Apple advises against jailbreaking iOS devices, as the unauthorized modification could lead to system instability, compromised security, shortened battery life, and other potential issues.

If you’ve tried the Evasi0n hack and have any feedback to offer about it, please let us know in the comments.

Hack discovered, Verizon iPhone 5 apparently unlockable for use on GSM networks

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Date: Monday, September 24th, 2012, 07:58
Category: Hack, Hardware, iPhone, News

Ok, this is interesting.

Hours after the iPhone 5 hit store shelves across the U.S. on Friday, it has reportedly been discovered that the CDMA Verizon version of the device can be used on AT&T and T-Mobile’s networks with a simple GSM micro SIM card modification.

Per the iDownloadBlog, it’s apparently possible to trim down and install a micro SIM card into the new Verizon iPhone 5, which was purchased under contract, and connect to AT&T’s HSPA+ “4G” network.

The publication contacted a Verizon representative who confirmed the handset is indeed unlocked, meaning it can use SIM cards from other carriers even under contract. This is encouraging to travelers who own a CDMA Verizon iPhone 5 but need to hop onto international GSM networks from time to time.

While the installation is anything but elegant, in this case requiring a paper clip and a piece of tape to hold the card in place rather than the supplied tray, AT&T and T-Mobile nano-SIMs are likely to have a better fit.

With the iPhone 5, Apple is implementing new nano-SIM cards that bring a 40 percent reduction in size compared to last-generation micro SIM cards.

Stay tuned for additional details as they become available.

GreenPois0n Absinthe 2.0 jailbreak for iOS 5.1.1 goes live, allows for untethered jailbreaking

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Date: Friday, May 25th, 2012, 06:10
Category: Hack, iOS, iPad, iPhone, iPod, security

Per Boy Genius Report, the GreenPois0n Absinthe 2.0 jailbreak for iOS 5.1.1 has been released.

Absinthe works on A4-powered devices and A5 ones, like the iPhone 4S and new iPad. It won’t work on the iPad 2, however and the JailbreakUntethered site has explanations on how to get this going on your device.

If you’ve tried the jailbreak and have any feedback, please let us know in the comments.

CCTV battery, third-party car charger hacked into do-it-yourself external MacBook battery

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Date: Tuesday, April 3rd, 2012, 08:13
Category: battery, Hack, Hardware, MacBook, MacBook Pro

This falls into the “If You’re Feeling Brave” category, but it could work nicely.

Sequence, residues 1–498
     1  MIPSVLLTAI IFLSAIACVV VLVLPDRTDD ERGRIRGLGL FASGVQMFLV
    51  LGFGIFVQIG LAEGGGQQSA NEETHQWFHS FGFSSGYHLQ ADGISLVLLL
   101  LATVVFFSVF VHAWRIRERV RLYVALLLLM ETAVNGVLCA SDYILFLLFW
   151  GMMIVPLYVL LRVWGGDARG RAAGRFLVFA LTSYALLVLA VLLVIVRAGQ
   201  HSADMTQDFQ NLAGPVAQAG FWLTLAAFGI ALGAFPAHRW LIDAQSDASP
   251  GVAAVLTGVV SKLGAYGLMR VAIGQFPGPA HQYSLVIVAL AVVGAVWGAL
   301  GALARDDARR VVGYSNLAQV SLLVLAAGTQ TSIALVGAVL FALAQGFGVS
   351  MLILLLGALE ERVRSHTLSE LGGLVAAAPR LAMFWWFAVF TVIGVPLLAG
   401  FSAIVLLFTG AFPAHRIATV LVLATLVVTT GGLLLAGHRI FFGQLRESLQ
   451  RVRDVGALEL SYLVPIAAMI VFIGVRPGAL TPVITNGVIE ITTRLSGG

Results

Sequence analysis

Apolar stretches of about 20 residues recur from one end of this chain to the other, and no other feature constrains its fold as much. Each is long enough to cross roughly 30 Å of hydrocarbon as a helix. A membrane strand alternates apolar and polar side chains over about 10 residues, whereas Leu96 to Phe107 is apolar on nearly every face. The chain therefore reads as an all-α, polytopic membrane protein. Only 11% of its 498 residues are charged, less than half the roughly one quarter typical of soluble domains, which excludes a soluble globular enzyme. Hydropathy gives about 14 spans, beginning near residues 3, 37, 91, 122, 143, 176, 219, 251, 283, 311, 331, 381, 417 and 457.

Per The Verge, MacBook Pro user Evan Rodgers took a CCTV battery, a third party MacBook car charger, and some soldering tools to create a do-it-yourself external MacBook battery.

Watch the video, see what you make of it and if you have the parts on hand, you can avoid a fairly costly trip to the Apple Store for a replacement MacBook Pro battery and add about two to three hours of on-the-fly usage:



Apple begins to disable ports for non-authorized devices accessing Siri servers

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Date: Wednesday, February 15th, 2012, 06:12
Category: Hack, iPhone, News

As much as you may like the idea of running Siri on a non-iPhone-4S device, Apple seems to feel differently.

Per Redmond Pie, Apple has added a new barrier to the software needed to run Siri, a move that shows the Cupertino, Calif., company is actively tracking the growing number of iDevice users who have managed to port the voice-recognizing assistant to non-supported hardware.

In an attempt to halt the unauthorized use of its digital assistant on devices not intended to run the software, Apple covertly instituted a “SetActivationToken” property list file which effectively disables any attempts to communicate with Siri’s servers.

To get the voice-recognition software to work on other iOS devices, the so-called jailbreak community came up with a basic program called Spire which installs the required on-device files to communicate with the Siri servers. Spire’s developers, the prolific hacker “chpwn” and Ryan Petrich, allege that the program is a completely legal port.

The software has caveats, however, as it is only available to jailbroken devices, requires a proxy Siri server and an iPhone 4S certificate.

Despite the troublesome task of installing and troubleshooting the workaround, the demand from users who don’t have an iPhone 4S yet want a taste of Siri has been enough to warrant a response from Apple.

Since Siri was announced in October 2011 as the standout feature of Apple’s iPhone 4S, users of other iOS devices like the iPhone 4 and 3GS have questioned the company’s decision to keep the software locked to the newest generation handset.

Apple has not officially responded outside of saying that the hardware on the 4S makes Siri possible, though previous anecdotal reports have claimed that the exclusivity may stem from a modified proximity sensor or integrated noise reduction tech from EarSmart.

The feature has been seen as a driving force for sales of the newest iPhone, and Apple may be pushing users to upgrade rather than rely on an untested, unauthorized piece of software.